Syngenta stopped short of blaming government policy for its decision to pull out of the UK.

However, the Agriculture and Biotechnology Council, the trade association it belongs to, said lack of government support was a clear factor behind the decision.

Julian Little, a spokesman for the council, said: "The whole industry understands Syngenta's decision. The UK is a difficult place to work." Margaret Beckett, the environment secretary, had made encouraging statements saying GM crops would be considered on a case-by-case basis. However, this had not been backed by action, he said.

Environmentalists welcomed Syngenta's withdrawal. Pete Riley of Friends of the Earth said: "This decision shows the biotech industry misjudged the market in the UK and Europe. Rather than retreat to the US, they should rethink the products they offer sustainable agriculture."


Feds catch on to seed saving woes

- Farm and Dairy Online, July 1, 2004

SALEM, Ohio - Missouri and Ohio legislators are giving it a try, and now federal lawmakers have caught on, too. U.S. Rep. Marcy Kaptur, D-Ohio, introduced a bill last week that would allow farmers to save seeds with patented technologies from one crop year to the next.Kaptur, the ranking member on the House Agriculture Appropriations Committee, said the Seed Availability and Competition Act of 2004 will level the playing field for farmers.


Currently, holders of patented technology, including Roundup Ready and YieldGard gene traits, force farmers to pay a 'technology fee' each year. Farmers are also required to sign a contract saying they won't save seed for more than one growing season. Violators face stiff penalties. According to Monsanto, the average U.S. settlement is $108,400. One Tennessee farm was fined $1.7 million.

Working at it.

Missouri Rep. Wes Shoemyer, with help from the Missouri Farmers Union, also drafted and introduced a bill that would let farmers save seed.
That bill says farmers who want to save patented seed can register with the state department of agriculture and pay a fee of $7 for each bushel of seed saved.
For each bushel, $6 would be paid to the seed companies that hold patents on the technology, and $1 would go to administrative costs.
Any funds remaining would go to the state's land grant university for agricultural research and development.

In Ohio.

Farm and Dairy reported earlier this month about identical legislation pending in the Ohio legislature.
Those bills were introduced by Sen. Marc Dann of Liberty Township in Trumbull County and State Rep. George Distel of Ashtabula County.
Dann and Distel expect state action on the bill late this year or in the next session.

Import tariffs.

Kaptur's act, like the state initiatives, would make it legal to save patented seed as long as a producer reports what he's saved and how much of it, and pays the technology fee. In addition, the federal legislation proposes tariffs on imported products from countries that do not levy comparable technology fees.
Kaptur said imported grains grown from seed on which patent fees have not been paid do not undercut domestic markets.
"Our farmers are at a competitive disadvantage because of the fact that some countries which produce products from these same patented genetically modified seeds refuse to pay the patent fees.

"As a result, products derived from these seeds come into the United States at a lower price, taking market away from American producers," Kaptur said.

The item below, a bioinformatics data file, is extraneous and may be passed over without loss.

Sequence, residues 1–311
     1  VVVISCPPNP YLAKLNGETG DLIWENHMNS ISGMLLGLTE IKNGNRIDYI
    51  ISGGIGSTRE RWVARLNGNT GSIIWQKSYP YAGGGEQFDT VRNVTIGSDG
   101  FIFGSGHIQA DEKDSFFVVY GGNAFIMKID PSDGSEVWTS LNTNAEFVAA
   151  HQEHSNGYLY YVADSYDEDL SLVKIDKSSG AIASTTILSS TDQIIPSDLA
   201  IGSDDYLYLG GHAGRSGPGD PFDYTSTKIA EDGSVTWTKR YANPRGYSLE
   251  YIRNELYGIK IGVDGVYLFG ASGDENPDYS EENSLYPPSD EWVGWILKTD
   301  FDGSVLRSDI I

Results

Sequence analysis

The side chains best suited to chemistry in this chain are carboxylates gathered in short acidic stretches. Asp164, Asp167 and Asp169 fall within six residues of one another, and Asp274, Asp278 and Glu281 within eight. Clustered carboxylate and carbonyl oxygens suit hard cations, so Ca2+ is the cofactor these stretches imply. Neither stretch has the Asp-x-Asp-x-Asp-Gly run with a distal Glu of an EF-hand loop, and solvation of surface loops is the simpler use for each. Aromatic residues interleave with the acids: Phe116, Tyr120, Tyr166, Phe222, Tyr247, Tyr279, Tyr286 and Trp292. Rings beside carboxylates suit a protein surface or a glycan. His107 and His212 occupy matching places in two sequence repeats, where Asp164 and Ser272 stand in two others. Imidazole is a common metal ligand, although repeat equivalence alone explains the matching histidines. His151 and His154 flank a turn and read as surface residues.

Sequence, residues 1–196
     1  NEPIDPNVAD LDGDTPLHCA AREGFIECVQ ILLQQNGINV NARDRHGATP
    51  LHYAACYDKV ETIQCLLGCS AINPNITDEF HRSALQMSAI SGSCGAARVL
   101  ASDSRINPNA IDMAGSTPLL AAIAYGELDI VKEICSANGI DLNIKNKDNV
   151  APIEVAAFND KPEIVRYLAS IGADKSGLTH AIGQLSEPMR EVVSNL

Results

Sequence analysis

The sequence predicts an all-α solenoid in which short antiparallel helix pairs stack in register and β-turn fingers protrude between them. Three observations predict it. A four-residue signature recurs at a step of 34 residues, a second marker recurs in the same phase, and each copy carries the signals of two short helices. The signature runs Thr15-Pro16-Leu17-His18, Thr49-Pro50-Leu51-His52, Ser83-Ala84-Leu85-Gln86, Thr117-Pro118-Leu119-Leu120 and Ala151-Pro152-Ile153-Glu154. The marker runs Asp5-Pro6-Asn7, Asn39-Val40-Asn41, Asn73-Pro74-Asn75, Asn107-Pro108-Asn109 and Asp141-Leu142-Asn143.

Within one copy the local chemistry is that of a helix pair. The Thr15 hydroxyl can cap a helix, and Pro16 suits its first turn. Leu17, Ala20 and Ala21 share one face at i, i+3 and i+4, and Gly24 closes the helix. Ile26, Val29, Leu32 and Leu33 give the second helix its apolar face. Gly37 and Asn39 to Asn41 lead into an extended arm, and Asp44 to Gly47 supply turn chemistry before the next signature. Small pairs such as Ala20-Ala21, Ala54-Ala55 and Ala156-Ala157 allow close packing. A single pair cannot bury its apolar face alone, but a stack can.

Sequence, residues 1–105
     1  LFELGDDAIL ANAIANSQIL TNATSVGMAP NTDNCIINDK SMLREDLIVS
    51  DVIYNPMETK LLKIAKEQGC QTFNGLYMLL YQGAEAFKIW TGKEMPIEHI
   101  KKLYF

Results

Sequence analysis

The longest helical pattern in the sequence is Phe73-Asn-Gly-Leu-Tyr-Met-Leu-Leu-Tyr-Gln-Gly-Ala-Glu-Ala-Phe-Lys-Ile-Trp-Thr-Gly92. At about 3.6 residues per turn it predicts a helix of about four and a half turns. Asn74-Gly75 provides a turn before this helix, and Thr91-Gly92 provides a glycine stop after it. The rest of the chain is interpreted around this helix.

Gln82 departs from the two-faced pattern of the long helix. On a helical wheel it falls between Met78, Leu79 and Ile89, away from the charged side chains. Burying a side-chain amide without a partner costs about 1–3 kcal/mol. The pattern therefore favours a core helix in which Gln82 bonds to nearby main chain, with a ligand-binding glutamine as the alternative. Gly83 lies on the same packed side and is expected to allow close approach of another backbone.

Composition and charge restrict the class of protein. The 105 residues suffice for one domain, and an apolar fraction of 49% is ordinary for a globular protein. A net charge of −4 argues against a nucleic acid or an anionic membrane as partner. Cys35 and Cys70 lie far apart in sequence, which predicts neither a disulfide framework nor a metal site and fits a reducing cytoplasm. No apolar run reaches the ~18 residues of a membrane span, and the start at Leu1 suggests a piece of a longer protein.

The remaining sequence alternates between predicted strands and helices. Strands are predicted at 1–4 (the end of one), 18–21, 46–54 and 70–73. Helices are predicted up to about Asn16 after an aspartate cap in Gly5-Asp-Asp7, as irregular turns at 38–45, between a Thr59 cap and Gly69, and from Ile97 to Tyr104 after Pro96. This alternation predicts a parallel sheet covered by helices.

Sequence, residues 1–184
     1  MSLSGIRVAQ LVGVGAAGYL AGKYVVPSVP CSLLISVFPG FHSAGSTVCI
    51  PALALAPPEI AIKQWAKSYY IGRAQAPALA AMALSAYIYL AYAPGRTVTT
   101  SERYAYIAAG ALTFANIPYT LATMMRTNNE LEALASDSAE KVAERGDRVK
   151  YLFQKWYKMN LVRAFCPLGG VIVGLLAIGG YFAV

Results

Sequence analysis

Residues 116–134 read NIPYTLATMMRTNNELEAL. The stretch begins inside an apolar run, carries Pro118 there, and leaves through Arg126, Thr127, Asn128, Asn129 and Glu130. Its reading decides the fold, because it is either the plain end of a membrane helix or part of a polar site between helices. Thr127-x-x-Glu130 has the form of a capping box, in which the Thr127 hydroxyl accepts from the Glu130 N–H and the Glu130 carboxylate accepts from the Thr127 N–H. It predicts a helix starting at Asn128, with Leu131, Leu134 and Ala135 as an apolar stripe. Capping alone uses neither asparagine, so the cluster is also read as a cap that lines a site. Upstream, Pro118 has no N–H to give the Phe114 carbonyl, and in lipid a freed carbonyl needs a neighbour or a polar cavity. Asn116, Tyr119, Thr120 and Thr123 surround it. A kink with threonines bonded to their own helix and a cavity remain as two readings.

Cracking down on grain imports that haven't been assessed the technology fee is significant.
Ohio Farmers Union President Joe Logan said a Monsanto manager told him "more than half of the soybeans exported from Brazil and Argentina are raised using this pirated technology."

A good answer.

"Rep. Kaptur's legislation offers a common-sense resolution to this difficult situation," said National Farmers Union President Dave Frederickson.
The Farmers Union worked with Kaptur to draft the legislation. The bill is pending in the House Agriculture and Ways and Means committees.


Natural Resource Biotechnology Outreach

LOCATION: Corvallis, Oregon

STARTING DATE: September 13, 2004

APPLICATION CLOSING DATE: August 2, 2004 for full consideration.

GENERAL DESCRIPTION: This position is at the rank of Faculty Research Assistant (FRA) or Research Associate (RA), with the OSU Program for Outreach in Resource Biotechnology (ORB). The goal of ORB is to play an active role in providing factually and contextually accurate information to the scientific community, governments, and the public on the scientific benefits, safety, and ethical perspectives on the use of biotechnology, including genetic engineering, in natural resources in Oregon, the United States, and the world. The RA will 1) Create and maintain a worldwide web site to provide ready access to ORB activities and information; 2) Maintain a high level of awareness of regulatory and scientific developments; 3) Actively communicate scientifically accurate and ethically responsible information via scientific publications, mass media, participation in conferences and panels, and university teaching; 4) Become part of a national and international network through which accurate and up-to-date information can be mobilized and provided to decision makers and media, and used in publications, in a timely manner; 5) Lead, or catalyze, the submission of grant proposals to fund selected interdisciplinary research and/or outreach programs on the scientific benefits and safety of natural resource biotechnologies.